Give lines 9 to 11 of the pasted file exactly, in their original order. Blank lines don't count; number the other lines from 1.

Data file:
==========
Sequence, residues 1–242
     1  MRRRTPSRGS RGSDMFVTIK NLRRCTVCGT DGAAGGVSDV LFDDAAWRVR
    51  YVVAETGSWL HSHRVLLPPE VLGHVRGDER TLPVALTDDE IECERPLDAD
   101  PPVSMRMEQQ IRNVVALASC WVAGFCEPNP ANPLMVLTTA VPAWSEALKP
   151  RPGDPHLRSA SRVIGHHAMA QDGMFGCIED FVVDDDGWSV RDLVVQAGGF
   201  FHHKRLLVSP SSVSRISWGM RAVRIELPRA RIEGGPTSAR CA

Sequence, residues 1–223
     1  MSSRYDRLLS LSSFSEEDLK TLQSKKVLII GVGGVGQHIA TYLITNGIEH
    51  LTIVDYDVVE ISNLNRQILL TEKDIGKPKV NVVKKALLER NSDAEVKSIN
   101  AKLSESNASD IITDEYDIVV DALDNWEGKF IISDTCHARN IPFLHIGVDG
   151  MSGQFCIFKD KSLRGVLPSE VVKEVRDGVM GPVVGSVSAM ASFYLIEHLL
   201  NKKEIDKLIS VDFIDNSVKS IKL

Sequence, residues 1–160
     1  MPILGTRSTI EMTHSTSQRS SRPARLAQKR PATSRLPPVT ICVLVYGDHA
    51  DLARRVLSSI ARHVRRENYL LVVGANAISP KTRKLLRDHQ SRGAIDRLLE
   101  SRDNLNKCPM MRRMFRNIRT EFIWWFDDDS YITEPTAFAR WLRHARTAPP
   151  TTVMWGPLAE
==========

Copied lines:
    51  LTIVDYDVVE ISNLNRQILL TEKDIGKPKV NVVKKALLER NSDAEVKSIN
   101  AKLSESNASD IITDEYDIVV DALDNWEGKF IISDTCHARN IPFLHIGVDG
   151  MSGQFCIFKD KSLRGVLPSE VVKEVRDGVM GPVVGSVSAM ASFYLIEHLL